“It’s just too special for it to be just sitting there,” Pass Miller said.
The Magnolia House, which is in the shadow of Bennett College, had slowly started to become its old self again thanks to the vision of Pass Miller’s father. Not yet ready as a bed-and-breakfast, the Magnolia had foot traffic, including Sunday jazz brunches and private events.
Now, Pass Miller’s days are full of planning and networking to finish the remaining interior work to get the place fully operational.
As Pass Miller has immersed herself in sharing the stories the Magnolia holds as a way of building community support, her own life has taken on new meaning.
“The Magnolia talks to me,” said Pass Miller, as she climbed its grand stairs.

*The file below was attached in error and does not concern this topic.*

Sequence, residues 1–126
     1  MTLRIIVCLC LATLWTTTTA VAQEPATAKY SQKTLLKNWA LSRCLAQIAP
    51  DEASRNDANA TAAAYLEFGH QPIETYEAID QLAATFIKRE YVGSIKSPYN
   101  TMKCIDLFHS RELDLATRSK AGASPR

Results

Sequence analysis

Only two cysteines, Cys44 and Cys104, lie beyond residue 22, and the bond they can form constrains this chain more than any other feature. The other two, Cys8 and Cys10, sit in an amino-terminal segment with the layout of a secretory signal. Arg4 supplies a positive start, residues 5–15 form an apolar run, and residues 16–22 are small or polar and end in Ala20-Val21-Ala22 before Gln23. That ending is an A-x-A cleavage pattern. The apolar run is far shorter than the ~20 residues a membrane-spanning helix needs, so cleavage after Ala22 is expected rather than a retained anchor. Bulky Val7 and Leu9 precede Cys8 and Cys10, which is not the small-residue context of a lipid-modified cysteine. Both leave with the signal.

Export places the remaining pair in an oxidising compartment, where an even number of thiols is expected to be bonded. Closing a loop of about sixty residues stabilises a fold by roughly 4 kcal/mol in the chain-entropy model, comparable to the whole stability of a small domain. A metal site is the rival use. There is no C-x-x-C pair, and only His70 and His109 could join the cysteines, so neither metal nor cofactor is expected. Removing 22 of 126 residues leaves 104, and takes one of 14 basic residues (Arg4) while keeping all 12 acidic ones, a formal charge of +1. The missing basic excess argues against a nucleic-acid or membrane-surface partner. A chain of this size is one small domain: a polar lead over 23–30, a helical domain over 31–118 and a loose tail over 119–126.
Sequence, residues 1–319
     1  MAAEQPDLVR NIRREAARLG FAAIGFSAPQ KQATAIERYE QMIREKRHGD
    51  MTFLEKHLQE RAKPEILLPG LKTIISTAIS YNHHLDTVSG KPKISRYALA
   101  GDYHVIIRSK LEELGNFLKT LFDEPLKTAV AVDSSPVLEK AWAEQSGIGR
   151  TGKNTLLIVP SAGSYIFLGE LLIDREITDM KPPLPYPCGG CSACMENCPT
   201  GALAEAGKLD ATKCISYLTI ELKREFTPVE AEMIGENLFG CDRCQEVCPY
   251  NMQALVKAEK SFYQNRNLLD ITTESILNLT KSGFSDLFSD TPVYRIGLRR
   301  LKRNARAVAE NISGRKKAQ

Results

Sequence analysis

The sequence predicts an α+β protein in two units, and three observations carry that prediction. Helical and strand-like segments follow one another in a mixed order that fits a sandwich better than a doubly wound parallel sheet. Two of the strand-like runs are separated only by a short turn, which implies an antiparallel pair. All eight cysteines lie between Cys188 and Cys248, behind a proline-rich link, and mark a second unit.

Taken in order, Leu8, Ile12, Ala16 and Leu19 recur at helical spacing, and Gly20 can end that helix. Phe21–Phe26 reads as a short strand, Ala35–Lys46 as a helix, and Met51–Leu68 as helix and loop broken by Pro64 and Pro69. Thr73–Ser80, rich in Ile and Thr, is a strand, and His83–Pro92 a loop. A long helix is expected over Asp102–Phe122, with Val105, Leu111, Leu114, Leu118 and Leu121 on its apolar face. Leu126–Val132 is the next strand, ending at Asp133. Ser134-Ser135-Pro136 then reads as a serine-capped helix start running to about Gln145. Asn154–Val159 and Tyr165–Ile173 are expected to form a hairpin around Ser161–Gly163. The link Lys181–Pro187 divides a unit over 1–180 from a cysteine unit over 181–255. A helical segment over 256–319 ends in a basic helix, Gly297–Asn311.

* * *
The Magnolia is listed on page 44 of the 1955 edition of the “The Green Book” — the state-by-state listing of safe places Black people could stay overnight while traveling through the segregated South.
The motel, with its two porches, 14 rooms that barely fit more than a bed and 5,000 square feet, earned the “highly recommended place to stay” distinction.
“You imagine a time in the 1950s when people would have been driving or taking the train and they’d arrive dressed to the nines,” said Benjamin Briggs, executive director of Preservation Greensboro, which works to save the community’s historic and architectural treasures.
“The women would be wearing amazing clothes and gloves, and men would have hats and overcoats and everyone would have nice shoes,” Briggs said. “That’s how people traveled back then.”